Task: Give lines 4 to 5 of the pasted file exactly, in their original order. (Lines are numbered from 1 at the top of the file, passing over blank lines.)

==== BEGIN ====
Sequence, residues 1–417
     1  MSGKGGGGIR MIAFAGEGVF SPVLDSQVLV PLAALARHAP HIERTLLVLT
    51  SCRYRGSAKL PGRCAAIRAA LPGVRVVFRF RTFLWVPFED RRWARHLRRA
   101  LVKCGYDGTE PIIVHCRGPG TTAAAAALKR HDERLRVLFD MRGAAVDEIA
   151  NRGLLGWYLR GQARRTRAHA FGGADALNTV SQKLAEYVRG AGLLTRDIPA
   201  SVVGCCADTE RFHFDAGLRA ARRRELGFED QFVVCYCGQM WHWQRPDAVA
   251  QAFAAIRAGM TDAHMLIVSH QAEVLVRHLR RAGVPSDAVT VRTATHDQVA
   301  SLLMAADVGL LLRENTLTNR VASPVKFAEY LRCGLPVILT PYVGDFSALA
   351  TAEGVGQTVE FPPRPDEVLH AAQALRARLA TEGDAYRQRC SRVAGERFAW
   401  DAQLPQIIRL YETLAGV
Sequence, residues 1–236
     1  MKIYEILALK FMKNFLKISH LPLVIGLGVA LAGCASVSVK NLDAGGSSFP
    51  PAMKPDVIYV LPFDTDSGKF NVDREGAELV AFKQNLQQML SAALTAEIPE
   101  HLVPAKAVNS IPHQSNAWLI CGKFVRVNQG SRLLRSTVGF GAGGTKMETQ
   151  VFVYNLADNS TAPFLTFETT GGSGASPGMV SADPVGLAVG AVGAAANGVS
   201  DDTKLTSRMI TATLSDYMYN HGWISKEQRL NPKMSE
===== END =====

   101  LVKCGYDGTE PIIVHCRGPG TTAAAAALKR HDERLRVLFD MRGAAVDEIA
   151  NRGLLGWYLR GQARRTRAHA FGGADALNTV SQKLAEYVRG AGLLTRDIPA